Dr. Brookshire says, “Creating balance starts with a plan. If you’re just gonna wing it, you’re doomed.”
Figure out how you want your balance to feel. Maybe you want more time to spend with friends and family. Or perhaps you want to minimize the distractions that keep you from work. Then, come up with ideas of how to accomplish those goals. For instance, I wanted to focus more on work, so I decided to give myself social media limits and worked in a room with no electronics.
There doesn’t need to be a set structure to your plan—just make sure your goals can be met by following through.
If you need help starting, Dr. Brookshire recommends setting aside specific time slots for breaks. For instance, if you want to devote more time to yourself, “Intentionally block-off times where you eat lunch or stop working during the day—where you put the phone down and no longer respond.”
Use boundaries to help with your work-life balance.
Creating boundaries (and sticking to them), is one of the best ways to take back control of your life.
Dr. Brookshire says that it’s tempting to work around the clock just because you’re at home. Employers are saying productivity is up and that may be because people don’t have a work-life balance.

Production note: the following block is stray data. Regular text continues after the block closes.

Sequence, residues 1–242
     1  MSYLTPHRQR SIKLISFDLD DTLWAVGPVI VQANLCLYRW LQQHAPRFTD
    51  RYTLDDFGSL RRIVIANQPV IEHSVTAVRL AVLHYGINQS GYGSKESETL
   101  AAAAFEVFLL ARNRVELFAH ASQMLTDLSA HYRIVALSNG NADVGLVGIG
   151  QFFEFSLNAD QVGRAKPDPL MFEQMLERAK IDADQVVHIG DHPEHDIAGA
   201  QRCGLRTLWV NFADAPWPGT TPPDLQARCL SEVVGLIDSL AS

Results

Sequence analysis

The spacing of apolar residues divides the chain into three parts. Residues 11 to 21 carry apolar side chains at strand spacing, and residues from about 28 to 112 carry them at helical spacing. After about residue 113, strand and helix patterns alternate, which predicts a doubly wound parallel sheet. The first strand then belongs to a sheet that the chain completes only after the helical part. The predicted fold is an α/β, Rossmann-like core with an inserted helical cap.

If you’re working from home, how have you viewed your productivity the past year? Personally, I found it really hard to just sign off at 5 p.m. or take my lunch hour. I wanted to fit in that last bit of work. After all, I was at home and I could.
When you make yourself too available for work, other priorities fall to the wayside. And without that control, you can feel frazzled. But you can control your boundaries—that’s why they’re helpful.
To start, look at your schedule and be real. When can you start work? When can you stop? When can you take breaks and when can you engage in your social life?
But setting boundaries is only half of it. You have to stick to them. For me, I block off times in my work calendar. That way, I get reminders and act accordingly. Sometimes, I even set alarms.
Make nutrition a part of your journey.
Why is nutrition on our work-life balance list? Well, what do you have to do during your lunch break? Eat, of course!
Dr. Brookshire is a big believer in meal prepping. She says, “Meal prepping is essential because it stops you from grabbing unhealthy things.”